My friend Catherine Anderson gave me a card with one of her beautiful photographs, this one of outward spreading ripples in a pond brimming with tree reflections, and with this Chinese proverb:
Be not afraid of growing slowly, be afraid of standing still.
This message is what my heart needs to hear. So much of the time, my growth is so slow that I feel like I AM standing still with developing any skill at playing the harp. And it’s when I believe I am standing still that I am most likely to want to abandon the whole enterprise, to throw in the towel, to conclude that I’m wasting my teacher’s time, and to declare and believe that I won’t ever really be able to play the harp.
But when I can be as still and as receptive as the pond in Catherine’s photograph, in that moment before the pebble first kisses the surface of the water, I can see and claim my slow growing towards being a musician who plays the harp.
There are things I can do today that were totally beyond me at the end of the 2009 Fall semester. My left hand is comfortable playing a 1-5-8 accompaniment pattern, and is learning to manage the reach for a 1-5-10 chord. For the first time, I played all the harp ensemble pieces using both hands. I am learning new tunes much faster than I used to – I can get uncomplicated pieces into my fingers within a couple of weeks, instead of taking a couple of months. My eyes and hands can now recognize and land on many of the repeating patterns in traditional tunes, instead of having to learn each pattern in each measure as a separate task.
I am practicing more deliberately and effectively, which is also helping me learn tunes more quickly. And while practicing, I am finding more moments where I like how I played, where I feel like I am creating music instead of another drill of a tricky phrase.
While my sight-reading skills are still comparable to the first-grader reading “Run Spot! Run!” I can for the first time slowly read really, really simple tunes and get both hands to move and play the correct notes at the right times. Enough new neural pathways seem to have developed to overcome the paralysis that sets in and allows only one hand to move when my brain is trying to comprehend information on two staves at the same time. While this would not be a big deal for those musicians who apparently emerged from the womb able to sight-read, it’s a major accomplishment for me, and one that seemed totally impossible a year ago.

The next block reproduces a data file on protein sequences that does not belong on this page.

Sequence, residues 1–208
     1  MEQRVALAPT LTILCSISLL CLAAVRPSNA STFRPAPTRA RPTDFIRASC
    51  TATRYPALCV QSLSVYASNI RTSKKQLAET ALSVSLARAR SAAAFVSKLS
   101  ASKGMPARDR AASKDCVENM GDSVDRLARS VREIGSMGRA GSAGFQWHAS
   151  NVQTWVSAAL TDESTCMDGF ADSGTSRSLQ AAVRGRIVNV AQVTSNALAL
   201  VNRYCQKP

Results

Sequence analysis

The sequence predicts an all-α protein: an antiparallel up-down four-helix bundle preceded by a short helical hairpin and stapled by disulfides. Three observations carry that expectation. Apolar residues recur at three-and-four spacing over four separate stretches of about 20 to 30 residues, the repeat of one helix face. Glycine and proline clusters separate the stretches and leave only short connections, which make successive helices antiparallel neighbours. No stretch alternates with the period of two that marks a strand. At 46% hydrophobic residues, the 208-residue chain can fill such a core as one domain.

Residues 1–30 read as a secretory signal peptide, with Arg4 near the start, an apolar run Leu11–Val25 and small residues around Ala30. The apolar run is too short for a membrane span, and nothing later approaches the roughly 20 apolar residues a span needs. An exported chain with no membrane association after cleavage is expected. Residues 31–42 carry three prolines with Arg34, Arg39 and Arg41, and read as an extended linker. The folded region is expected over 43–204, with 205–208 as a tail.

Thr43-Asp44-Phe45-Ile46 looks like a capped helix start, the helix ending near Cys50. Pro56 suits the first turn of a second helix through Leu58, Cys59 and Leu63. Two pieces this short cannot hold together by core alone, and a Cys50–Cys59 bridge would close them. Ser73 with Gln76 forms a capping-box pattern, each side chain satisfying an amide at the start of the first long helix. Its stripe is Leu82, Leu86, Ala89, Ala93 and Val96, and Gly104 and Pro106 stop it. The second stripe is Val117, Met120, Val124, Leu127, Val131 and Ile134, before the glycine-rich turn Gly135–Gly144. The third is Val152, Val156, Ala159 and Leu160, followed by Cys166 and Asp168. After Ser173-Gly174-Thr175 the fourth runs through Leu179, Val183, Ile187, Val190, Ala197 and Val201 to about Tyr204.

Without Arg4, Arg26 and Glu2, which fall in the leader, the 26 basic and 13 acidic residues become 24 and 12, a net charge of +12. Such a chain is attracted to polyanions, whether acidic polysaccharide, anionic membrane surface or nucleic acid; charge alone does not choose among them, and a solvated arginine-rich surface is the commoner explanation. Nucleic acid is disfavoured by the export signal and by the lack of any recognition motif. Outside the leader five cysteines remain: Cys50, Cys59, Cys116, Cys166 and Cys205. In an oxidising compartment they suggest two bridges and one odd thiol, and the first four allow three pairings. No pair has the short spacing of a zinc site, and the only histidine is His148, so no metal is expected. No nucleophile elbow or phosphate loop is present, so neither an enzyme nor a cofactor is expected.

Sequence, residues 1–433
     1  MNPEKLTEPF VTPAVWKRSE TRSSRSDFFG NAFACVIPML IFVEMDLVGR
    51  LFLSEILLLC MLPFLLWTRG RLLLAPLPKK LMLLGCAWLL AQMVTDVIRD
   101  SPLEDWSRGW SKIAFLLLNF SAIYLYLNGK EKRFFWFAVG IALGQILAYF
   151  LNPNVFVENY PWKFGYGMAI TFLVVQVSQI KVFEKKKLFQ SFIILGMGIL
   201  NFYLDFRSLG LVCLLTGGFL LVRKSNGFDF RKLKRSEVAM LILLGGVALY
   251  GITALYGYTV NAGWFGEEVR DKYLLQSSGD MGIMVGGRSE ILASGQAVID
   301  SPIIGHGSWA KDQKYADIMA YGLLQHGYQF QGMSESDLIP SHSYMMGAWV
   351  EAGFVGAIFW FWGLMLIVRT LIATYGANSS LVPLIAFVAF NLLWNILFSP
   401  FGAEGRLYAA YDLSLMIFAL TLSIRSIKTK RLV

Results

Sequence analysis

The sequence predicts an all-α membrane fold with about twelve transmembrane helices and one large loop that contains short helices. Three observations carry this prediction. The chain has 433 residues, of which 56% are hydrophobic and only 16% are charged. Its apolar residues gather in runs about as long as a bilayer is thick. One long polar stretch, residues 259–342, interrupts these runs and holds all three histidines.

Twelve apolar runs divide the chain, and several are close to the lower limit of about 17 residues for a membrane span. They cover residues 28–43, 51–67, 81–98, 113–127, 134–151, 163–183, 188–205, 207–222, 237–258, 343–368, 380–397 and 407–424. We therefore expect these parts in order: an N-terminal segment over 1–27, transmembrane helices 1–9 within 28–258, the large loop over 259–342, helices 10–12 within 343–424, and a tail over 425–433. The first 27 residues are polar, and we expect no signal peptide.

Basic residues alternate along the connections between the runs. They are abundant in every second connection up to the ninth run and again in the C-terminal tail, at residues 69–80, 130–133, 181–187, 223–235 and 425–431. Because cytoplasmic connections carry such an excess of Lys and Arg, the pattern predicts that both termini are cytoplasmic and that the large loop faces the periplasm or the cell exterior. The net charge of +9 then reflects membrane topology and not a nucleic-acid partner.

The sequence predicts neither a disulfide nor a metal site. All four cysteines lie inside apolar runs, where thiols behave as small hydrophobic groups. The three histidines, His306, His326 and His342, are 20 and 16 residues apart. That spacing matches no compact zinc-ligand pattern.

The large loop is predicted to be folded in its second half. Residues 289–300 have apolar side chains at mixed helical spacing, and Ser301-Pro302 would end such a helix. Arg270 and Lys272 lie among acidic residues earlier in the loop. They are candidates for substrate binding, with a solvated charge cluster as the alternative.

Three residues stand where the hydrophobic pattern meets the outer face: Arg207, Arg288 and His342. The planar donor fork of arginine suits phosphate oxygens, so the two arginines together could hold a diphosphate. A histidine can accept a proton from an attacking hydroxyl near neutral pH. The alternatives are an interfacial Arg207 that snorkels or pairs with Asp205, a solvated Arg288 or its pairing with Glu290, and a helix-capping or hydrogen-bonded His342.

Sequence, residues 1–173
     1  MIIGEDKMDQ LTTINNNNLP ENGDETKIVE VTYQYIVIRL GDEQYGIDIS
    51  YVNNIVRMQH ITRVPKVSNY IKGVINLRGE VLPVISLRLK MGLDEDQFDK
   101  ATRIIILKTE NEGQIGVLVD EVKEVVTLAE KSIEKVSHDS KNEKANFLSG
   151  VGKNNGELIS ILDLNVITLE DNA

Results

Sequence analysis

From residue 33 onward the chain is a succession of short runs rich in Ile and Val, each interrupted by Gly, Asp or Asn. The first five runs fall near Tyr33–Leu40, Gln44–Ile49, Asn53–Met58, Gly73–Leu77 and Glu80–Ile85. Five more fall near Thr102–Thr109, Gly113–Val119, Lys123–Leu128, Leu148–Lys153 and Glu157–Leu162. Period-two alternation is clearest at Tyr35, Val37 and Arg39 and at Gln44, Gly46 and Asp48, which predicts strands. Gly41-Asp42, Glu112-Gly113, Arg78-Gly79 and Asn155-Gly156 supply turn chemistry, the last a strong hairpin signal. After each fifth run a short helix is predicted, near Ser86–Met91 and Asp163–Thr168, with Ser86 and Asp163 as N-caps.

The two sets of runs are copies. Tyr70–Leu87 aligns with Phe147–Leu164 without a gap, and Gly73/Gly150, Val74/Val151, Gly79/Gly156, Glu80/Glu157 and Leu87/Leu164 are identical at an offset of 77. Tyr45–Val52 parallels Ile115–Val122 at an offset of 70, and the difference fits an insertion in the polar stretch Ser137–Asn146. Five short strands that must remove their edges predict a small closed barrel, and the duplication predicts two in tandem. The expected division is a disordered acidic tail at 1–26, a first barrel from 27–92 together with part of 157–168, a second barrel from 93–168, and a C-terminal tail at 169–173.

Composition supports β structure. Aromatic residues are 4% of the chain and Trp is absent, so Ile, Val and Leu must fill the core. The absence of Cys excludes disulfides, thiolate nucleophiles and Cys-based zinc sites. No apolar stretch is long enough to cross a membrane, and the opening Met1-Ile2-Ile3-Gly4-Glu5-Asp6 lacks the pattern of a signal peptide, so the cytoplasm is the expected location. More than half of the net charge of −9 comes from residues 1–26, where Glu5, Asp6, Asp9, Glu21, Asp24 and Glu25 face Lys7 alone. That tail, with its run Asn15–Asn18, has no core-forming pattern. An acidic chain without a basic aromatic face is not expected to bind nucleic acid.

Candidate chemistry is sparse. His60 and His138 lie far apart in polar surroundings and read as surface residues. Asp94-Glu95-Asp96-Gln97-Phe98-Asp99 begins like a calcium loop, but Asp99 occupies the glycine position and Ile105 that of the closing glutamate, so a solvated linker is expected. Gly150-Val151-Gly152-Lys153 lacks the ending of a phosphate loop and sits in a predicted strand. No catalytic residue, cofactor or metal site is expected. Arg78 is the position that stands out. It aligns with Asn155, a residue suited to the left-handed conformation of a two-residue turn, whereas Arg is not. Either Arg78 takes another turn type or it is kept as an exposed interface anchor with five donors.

And this fall I stared down the performance demons that have tried to derail me as I’ve played for other people. I played my solo at the harp ensemble recital with both expressiveness and gracefulness. Last weekend I played for Catherine’s studio open house, and yesterday I played for a Christmas party at an assisted living facility. Despite my painful and embarrassing performance experiences this semester, I am still playing. I did not retreat back to my basement practice room to play with only cat and dog as audience. Like the movie cowboy breaking a wild horse, I picked myself up, dusted myself off, and hoisted myself back onto my harp bench.
And to my great surprise, both at Catherine’s studio, and at yesterday’s Christmas party, I enjoyed playing. Without the usual shaking hands and racing heartbeat, I enjoyed how I felt as I played, enjoyed the feel of the harp strings under my fingers, enjoyed the vibrations of the harp in my chest. But most of all, I enjoyed having tunes I love spill out of my fingers and my harp into the room and people around me; I enjoyed being a part of what made the afternoon a joyful experience for others.
Today I am able to accept that I grow as I grow – yet another version of “It is what it is.” There’s no posted minimum speed limit, nor any timetable stating when I must arrive at a certain destination. Today I know I am not standing still, and today I am not afraid.